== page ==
A few metres away from where water gushed from Chembarabakkam lake during the 2015 floods, a new aesthetically designed private school has come up, raising serious questions on  the approval process and the safety of its students..

The school has come up exactly at the junction where an outlet channel of Chembarabakkam lake and the Adyar river meet. Should a similar flood situation arise in Chennai, it will put many lives at risk.

Source:  New Indian Express

The Government wants to tackle waste on a war footing, but we are yet to get our basics right

The TN State Government says it is going to level existing landfills and ensure no further waste is dumped there, while pushing for decentralised daily waste management by encouraging local area composting of wet waste and bio mining.

However, at the ground level, it appears the State, and Chennai in particular, has a long way to go, as two  instances at Pammal and Thiruneermalai highlight. A public playground at Pammal has turned to a waste composting unit emitting a foul smell throughout the day.  Over 300 Kg of wet waste collected from the locality is being brought here for composting.

In another instance, bio medical waste is being dumped in the burial ground at Thiruneermalai and worse, occasionally being set on fire, posing a health risk to local residents. While the wet waste is being composted and the plastics being recycled, the Municipality has been quietly dumping sanitary napkins, diapers and non biodegradable waste in the burial ground.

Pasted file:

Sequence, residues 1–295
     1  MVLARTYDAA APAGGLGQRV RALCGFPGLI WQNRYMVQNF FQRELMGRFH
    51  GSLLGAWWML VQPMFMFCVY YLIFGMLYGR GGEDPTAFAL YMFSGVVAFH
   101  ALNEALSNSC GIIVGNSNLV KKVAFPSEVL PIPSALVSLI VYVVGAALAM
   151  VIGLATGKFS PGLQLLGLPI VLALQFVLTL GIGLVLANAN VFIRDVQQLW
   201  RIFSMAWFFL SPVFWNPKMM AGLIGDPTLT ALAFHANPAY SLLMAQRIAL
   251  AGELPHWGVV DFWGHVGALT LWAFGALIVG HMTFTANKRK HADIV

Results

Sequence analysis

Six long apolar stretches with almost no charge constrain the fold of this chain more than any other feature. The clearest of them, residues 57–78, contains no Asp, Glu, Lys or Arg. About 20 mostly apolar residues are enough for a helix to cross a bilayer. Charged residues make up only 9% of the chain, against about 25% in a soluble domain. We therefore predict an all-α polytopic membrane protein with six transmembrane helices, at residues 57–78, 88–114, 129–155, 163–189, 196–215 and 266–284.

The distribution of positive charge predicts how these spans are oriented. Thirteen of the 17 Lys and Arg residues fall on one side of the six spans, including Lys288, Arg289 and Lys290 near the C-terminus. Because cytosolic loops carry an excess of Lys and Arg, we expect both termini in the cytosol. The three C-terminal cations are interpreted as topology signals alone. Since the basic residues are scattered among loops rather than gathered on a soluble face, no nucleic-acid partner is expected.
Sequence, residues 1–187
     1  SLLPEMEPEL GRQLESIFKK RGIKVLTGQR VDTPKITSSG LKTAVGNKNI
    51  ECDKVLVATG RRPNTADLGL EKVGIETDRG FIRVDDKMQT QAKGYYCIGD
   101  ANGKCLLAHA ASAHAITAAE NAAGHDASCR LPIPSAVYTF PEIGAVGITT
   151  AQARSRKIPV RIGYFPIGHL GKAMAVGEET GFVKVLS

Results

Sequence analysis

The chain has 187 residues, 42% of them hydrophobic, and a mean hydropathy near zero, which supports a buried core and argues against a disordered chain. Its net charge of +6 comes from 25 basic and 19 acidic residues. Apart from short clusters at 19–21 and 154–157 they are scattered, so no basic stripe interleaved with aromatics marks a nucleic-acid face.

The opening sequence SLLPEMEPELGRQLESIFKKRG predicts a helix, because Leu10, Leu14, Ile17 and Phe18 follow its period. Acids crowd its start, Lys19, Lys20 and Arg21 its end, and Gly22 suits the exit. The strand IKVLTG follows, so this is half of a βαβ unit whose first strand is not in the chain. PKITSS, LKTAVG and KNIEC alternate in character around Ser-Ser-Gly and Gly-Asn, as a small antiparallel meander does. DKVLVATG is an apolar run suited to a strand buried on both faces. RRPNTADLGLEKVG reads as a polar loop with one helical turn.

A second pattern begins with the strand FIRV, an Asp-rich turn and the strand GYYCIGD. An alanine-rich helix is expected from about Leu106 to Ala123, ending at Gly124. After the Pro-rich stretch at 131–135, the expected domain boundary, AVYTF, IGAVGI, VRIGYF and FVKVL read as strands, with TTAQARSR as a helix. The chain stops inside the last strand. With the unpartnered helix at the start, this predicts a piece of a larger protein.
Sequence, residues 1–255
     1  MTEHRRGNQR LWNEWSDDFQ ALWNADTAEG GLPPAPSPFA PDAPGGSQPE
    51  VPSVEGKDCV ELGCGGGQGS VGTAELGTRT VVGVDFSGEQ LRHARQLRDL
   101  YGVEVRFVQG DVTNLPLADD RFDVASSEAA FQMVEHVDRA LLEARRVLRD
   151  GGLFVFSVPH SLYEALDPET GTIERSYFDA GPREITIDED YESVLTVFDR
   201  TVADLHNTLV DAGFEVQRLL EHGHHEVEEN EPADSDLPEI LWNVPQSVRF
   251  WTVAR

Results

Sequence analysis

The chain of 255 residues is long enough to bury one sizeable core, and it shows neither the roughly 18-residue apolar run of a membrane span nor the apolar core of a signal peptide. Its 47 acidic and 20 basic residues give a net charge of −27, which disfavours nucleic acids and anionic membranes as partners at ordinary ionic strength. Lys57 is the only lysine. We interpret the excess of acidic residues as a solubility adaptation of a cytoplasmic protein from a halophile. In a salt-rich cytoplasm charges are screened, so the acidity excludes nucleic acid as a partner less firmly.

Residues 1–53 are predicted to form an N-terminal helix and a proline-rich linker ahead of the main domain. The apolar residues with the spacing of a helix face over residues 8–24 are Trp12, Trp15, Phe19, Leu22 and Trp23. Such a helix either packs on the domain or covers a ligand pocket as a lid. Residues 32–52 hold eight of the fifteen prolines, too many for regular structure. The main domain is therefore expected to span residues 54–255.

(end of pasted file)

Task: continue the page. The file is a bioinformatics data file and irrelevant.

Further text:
Source: The Times of India | New Indian Express, The Times of India

Chennai Metro begins trial run to Washermanpet

As part of the last leg of the 45 km stretch of Phase I, Chennai Metro Rail began trial runs between AG-DMS and Washermanpet. The much awaited phase offering connectivity to North Chennai is expected to be ready by December and commercial operations in this route will begin soon after, subject to inspection and approval.

Meanwhile, Metro Rail has introduced an affordable cab service to commuters within 3 Km radius from the metro stations. CMRL will charge Rs.15 for pick up and drop service within this radius. This service is currently available only for commuters of five metro stations – Annanagar east, AG-DMS, Vadapalani, Alandur and Koyambedu and will soon be extended to other stations.

To book the service, commuters can call customer care number 18604251515.

Source:  The Times of India, The HIndu

Compiled by Sandhya Raju


  1. b.dhanasekaran says:

    if helmet wearing reduces death, it high time to reduce two wheeler insurance policy amount in view of compulsory wearing of helmet otherwise it will be illegal gains to insurance companies at the cost of the two wheeler owners. can the tamil nadu govt take action to reduce the insurance cost.

  2. suresh says:

    Not practical… as when it applies to all ….what about the kids who is seated in between parents

  3. Dinesh says:

    Chennai among the worst in urban mega cities on emission levels – enforce to plant trees through law instead of forcing to wear helmets